Early in the film Newkirk invokes the day when everyone will think animals are not ours to eat, wear or experiment on, using a famous phrase that PETA’s founders apparently borrowed from the British Union of the Abolition of Vivisection, whose simple magazines and straightforward slogans PETA closely mimicked in the early eighties. By the nineties, PETA went glossy, and the use of celebrities and high-profile media stunts became its hallmark. And that’s what attracted Matthew Galkin to make this film: “PETA is aggressive and its marketing tactics are obscene and offensive to a lot of people. Yet Ingrid has grown PETA into the largest animal rights group in the world.” 3 But are Galkin’s subjects prepared to tell us what “animal rights” is?

      “Ingrid just has the philosophy, this mantra: She feels that there’s no such thing as bad press,” says Alex Pacheco, who co-founded PETA with Newkirk in 1980 but left in 1999. “Today the mission has become diffuse, and really watered down by what I call stupid human tricks.” And Galkin’s film includes plenty of media clips to illustrate the point: garish stunts including a campaign suggesting college students replace milk with beer. After seeing PETA’s blood-drenched photos on lunchboxes handed out to children, a parent asks, “Do I have the right to hit them if they frighten my children?”

      “Everything that has turned you off about PETA has come directly from Ingrid,” states Pacheco, who says the shock value draws attention, but it’s attention to “ the fact that it’s outrageous.”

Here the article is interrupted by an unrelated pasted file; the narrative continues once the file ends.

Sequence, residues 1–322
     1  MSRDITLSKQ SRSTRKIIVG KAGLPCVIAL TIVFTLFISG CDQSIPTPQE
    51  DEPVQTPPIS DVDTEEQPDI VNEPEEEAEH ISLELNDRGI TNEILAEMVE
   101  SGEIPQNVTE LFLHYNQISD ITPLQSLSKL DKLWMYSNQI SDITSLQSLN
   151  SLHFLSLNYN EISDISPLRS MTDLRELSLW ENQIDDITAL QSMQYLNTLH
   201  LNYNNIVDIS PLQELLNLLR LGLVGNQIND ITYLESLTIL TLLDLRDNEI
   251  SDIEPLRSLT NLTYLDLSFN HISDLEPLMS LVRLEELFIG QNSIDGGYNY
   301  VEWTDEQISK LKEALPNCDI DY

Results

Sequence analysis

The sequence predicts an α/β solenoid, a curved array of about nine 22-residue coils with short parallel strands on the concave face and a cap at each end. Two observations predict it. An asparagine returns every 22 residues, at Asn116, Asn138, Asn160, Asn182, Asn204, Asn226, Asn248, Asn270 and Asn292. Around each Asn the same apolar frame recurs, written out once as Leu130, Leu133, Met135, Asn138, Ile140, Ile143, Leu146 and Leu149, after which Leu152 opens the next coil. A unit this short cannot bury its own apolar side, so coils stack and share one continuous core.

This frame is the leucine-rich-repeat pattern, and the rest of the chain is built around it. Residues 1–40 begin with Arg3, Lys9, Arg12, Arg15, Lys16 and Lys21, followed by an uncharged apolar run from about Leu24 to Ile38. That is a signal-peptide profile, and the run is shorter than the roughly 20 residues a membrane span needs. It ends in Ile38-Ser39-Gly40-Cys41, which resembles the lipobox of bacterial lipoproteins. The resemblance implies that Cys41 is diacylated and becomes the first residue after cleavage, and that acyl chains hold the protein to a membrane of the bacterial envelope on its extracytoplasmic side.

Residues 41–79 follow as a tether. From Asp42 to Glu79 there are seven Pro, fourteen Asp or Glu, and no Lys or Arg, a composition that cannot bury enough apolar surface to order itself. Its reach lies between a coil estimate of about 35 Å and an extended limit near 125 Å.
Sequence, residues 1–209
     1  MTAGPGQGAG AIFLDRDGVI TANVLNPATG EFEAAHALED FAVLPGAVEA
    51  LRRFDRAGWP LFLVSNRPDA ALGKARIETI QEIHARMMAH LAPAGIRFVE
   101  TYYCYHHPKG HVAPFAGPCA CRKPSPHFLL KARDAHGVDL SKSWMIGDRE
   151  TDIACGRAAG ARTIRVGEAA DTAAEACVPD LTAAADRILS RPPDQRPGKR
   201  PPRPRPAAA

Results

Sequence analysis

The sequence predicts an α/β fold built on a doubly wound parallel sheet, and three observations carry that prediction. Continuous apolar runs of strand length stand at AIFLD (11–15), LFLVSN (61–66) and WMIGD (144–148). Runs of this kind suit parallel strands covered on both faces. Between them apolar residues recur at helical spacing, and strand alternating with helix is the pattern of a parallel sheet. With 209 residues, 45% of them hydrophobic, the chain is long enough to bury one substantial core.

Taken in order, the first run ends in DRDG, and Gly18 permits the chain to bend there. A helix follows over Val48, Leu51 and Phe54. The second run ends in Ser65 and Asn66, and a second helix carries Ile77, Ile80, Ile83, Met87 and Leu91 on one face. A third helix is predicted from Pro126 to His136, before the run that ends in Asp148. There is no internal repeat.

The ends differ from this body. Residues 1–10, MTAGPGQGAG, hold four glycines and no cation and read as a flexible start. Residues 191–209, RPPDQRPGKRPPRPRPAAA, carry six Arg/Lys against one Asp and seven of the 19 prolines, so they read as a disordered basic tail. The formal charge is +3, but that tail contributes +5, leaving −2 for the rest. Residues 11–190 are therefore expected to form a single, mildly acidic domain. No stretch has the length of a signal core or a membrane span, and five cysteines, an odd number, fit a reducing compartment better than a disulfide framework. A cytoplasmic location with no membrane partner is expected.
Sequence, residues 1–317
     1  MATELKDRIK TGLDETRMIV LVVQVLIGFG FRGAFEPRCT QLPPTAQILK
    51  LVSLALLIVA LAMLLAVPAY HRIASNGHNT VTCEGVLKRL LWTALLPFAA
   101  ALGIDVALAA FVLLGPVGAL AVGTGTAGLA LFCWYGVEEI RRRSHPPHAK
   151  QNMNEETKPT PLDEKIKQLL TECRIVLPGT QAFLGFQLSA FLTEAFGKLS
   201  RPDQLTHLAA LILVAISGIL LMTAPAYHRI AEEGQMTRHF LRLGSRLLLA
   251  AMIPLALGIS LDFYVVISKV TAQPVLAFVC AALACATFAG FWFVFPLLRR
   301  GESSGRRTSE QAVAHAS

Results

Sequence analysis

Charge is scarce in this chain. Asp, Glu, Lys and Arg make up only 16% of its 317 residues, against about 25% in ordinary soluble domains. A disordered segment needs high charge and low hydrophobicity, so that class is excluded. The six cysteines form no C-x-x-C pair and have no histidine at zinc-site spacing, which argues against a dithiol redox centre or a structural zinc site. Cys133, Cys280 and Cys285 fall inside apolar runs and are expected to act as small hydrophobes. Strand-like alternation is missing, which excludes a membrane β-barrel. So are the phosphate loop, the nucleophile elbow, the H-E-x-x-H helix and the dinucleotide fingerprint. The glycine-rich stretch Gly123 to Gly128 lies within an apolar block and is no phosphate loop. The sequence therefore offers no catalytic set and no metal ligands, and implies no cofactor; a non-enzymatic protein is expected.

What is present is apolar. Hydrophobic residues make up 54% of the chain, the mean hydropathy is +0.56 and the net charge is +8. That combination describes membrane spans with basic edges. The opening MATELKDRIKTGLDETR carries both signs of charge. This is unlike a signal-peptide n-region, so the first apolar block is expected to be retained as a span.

“I regret it,” Newkirk counters, “But if you switch on the nightly news, everything is reduced to the tiny sound bite. Everybody is obsessed with sex and obsessed with violence” and thus PETA’s choice “is no attention or some attention.” And if they don’t get attention, “nobody will know there is an animal-rights movement.” (The words “it works” and “no other tactic works” recur throughout the film.) But PETA has pursued sexist advertising zealously, with spectacles such as a Penthouse model “tofu-wrestling” in a tub of bean curd, and campaigns director Dan Mathews telling the Washington Times: “Playboy is helping us put the ‘T & A’ in PETA.” 4

      The example Galkin presents is PETA’s video Milk Gone Wild, a rejected Super Bowl advertisement trading on the idea of female college students on display for their male peers. (This milk-related campaign is clearly geared to young viewers: “You won’t BELIEVE what we’ve packed into this video! You’ll see the HOTTEST girls baring it all – AND MORE!!! No rules, no parents, no limits, and of course no cows.”) Priscilla Feral, president of Friends of Animals, sees PETA staffers as driven to get attention by any means, paraphrasing a term of Newkirk’s own: press sluts. “Is that how you get a society to respect animals?” asks Feral. “I don’t think it does a thing for animals.”